Cafe D’Avignon was born out of our core business, which is baking bread under the Pain D’Avignon name. Since we first fired up our oven in our wholesale bakery on Cape Cod in 1992, we always had a little retail store, but we only sold the bread that we were making. We always dreamed of having a little cafe with pastries and coffee as well, a shop that reminded us of our home in Europe.
None of us had anything to do with baking before we came to this country from Yugoslavia. We are all childhood friends, myself, Bane Stamenkovic, Toma Stamenkovic, Vojin Vujosevic and Tole Zurovac. Bane, Vojin and I have known each other since we were seven years old. We’ve been friends and partners for 42 years. The longevity of that friendship transfers to everything that we do.
Since immigrating to America, we took a little something–the opportunity to bake bread–and turned it into a business that employs about 150 people. This country is the country of immigrants. Our business is no different.
We are one of the pioneers in artisan bread making on the East Coast. We just celebrated our 25th anniversary. Our breads are sold at the finest specialty food stores on the East Coast, from New York City, all the way up to Boston. Our customers are Michelin-starred restaurants, and include establishments like the Four Seasons and the Mandarin Oriental, to name a few.'Providing simple, natural, high-quality food is our mission.' - Uliks Fehmiu, co-owner of Pain D'AvignonClick To Tweet
While Vojin and Toma ran the bakery on Cape Cod, Bane and I moved to New York in 2000 and teamed up with our friend Tole because we wanted to open that cafe where we would make and bake bread, and have a little coffee and pastry to go with it. We quickly realized we couldn’t afford a location, so we started with what we knew, wholesaling, hoping that it would be a way we could contribute to the New York food scene, one of the most competitive food, business and creative environments in the world.
It worked. With hard work and a bit of luck, we managed to develop a line of products that established us as one of the industry favorites. The core of our business remained baking for with these fine restaurants, specialty food stores and hotels, but we never gave up on the idea for a retail shop. We just didn’t have any retail experience. Everything that we do, we do ourselves. We don’t have financiers, so we do everything slowly. Sometimes that’s not such a bad thing. It pays off in patience, humbleness and modesty. It takes time to understand what you know and what you do not know.
Eventually, we got our first retail space. We started with a little kiosk in the Essex Street Market on the Lower East Side, where we started selling just the bread, and then we introduced some croissants and pastries. That little store led us to be invited to the Plaza Food Hall, an offer we were very happy to accept. We have a small booth, just about 200 sq. ft., but it has allowed us to expand our coffee program, bake certain items on-site, and expand the menu to include sandwiches, quiches, sweets, and seasonal soups and salads.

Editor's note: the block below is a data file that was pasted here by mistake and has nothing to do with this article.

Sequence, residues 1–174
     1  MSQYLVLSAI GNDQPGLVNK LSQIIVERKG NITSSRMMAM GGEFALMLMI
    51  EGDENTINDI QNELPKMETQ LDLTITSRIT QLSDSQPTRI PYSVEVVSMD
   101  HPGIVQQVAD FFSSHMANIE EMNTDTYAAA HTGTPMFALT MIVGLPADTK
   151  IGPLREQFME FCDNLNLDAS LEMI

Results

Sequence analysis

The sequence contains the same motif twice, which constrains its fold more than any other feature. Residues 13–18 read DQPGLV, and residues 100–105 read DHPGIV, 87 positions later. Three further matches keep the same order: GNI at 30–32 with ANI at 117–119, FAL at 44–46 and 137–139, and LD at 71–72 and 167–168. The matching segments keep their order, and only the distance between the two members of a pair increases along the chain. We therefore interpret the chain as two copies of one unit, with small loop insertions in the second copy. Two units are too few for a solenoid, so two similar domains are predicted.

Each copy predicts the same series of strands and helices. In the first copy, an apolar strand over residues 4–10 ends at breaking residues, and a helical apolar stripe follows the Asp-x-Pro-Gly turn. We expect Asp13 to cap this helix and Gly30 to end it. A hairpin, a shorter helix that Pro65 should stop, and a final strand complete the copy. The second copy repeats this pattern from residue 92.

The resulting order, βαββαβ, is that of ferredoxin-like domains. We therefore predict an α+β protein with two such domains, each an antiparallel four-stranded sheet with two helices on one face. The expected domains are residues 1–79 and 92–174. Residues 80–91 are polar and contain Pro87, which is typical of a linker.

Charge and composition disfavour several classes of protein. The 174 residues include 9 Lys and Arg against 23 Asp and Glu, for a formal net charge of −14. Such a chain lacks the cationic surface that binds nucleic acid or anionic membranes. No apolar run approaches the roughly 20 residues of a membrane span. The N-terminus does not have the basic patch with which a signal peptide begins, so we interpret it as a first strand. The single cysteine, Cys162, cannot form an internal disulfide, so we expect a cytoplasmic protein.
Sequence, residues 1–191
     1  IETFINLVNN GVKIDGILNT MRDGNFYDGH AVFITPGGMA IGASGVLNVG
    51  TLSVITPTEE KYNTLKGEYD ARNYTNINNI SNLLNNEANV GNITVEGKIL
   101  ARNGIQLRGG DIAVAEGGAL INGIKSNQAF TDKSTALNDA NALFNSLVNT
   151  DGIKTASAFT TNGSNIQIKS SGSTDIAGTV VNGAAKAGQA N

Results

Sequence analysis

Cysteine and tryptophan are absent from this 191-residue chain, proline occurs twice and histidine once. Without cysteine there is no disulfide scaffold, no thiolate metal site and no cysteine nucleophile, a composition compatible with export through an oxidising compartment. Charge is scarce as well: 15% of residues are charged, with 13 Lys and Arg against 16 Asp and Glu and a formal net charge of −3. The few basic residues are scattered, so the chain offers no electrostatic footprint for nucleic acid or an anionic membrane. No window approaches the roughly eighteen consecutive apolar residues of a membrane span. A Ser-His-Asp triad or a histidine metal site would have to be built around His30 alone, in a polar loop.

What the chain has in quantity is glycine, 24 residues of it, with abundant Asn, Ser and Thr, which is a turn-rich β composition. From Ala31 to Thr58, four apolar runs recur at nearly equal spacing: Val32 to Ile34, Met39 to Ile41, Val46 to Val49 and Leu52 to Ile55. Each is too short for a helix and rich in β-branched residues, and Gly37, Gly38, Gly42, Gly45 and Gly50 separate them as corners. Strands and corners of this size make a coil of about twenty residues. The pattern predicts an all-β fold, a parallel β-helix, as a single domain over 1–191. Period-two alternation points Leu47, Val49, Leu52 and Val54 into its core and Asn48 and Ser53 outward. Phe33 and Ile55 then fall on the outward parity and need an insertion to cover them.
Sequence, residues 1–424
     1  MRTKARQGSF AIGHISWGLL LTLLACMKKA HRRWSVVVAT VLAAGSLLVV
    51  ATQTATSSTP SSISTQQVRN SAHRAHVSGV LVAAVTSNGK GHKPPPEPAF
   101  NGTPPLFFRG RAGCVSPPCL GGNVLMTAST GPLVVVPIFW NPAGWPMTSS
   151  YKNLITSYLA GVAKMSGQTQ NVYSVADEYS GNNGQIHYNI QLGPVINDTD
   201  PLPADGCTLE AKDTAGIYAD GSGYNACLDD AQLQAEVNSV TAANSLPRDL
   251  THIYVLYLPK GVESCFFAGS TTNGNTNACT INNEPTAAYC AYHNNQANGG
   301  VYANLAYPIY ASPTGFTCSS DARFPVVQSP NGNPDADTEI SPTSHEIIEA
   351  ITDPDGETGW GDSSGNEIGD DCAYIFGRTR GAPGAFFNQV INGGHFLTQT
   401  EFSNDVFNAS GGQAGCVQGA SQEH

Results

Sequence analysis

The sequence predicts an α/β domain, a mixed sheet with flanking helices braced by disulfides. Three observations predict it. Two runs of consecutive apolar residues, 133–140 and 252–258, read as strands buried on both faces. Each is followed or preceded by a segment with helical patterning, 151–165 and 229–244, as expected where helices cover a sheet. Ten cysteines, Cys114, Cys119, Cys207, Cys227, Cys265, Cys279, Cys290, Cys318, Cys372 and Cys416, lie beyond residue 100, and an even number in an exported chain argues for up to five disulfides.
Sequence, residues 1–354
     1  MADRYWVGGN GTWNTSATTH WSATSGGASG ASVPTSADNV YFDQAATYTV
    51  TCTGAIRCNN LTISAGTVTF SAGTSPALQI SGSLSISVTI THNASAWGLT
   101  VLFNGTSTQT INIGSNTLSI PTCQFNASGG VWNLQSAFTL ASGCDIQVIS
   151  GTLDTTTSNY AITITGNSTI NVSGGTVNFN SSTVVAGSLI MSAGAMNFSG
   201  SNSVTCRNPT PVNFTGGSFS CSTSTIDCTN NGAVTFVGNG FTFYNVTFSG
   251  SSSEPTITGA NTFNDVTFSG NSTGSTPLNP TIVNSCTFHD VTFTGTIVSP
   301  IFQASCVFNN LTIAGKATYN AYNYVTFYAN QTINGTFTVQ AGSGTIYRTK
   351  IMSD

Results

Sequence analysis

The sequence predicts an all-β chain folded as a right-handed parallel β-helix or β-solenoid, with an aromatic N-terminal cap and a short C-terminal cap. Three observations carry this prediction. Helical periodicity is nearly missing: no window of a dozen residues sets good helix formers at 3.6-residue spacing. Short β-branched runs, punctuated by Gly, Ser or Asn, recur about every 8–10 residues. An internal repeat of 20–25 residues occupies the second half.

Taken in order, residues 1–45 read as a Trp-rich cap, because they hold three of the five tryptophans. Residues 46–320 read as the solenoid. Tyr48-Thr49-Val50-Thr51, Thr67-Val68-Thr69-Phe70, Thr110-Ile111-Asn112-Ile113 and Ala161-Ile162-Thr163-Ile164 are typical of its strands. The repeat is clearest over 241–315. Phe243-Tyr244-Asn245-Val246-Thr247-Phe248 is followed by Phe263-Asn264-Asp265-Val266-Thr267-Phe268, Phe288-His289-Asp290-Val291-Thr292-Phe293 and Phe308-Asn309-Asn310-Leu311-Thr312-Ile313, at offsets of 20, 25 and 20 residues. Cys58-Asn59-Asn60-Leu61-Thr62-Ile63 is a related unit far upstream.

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We are passionate about the art of bread making, which so often uses just three ingredients: flour, water and salt. We made our living by creatively combining them in many different ways. We feel that in food, and in life, simplicity is key. We apply the same philosophy to our cafe menu.
We all grew up smelling fresh coffee in the morning. Coffee is a big part of our culture and our daily ritual. We always felt that coffee should play a really substantial part in the retail shop, and that it should be on the same par with the quality of freshness we expect in our breads. So we partnered with Stumptown. They’ve helped us understand the life of coffee, and, with their help, we’re mastering that part of it. This really wasn’t a calculated business idea. This was just a plain, instinctual path that we wanted to pursue. Third-generation coffee shops are popping up left and right, but very few have really good food. And there are many bakeries that we respect that don’t have good coffee. We saw an opportunity to provide customers with superior bread and coffee in one place, so we invested in it.
We have found what works, and it’s something that has led to continued success, including another cafe in Brooklyn.'None of us had anything to do with baking before we came to this country from Yugoslavia.' - Uliks Fehmiu, co-owner of Pain D'AvignonClick To Tweet
In the early ‘90s, artisanal bread was considered niche. But we always felt the opposite. We felt that bread, no matter how you process it, is a basic commodity. It should be available to everyone. We wanted our product accessible to every possible consumer. Of course, we use high-quality ingredients. But, actually, the most expensive ingredient is the time that we invest in making a great piece of bread.
Providing simple, natural, high-quality food is our mission, whether it’s coffee or bread or the other foods that we make. We want to bring it everywhere.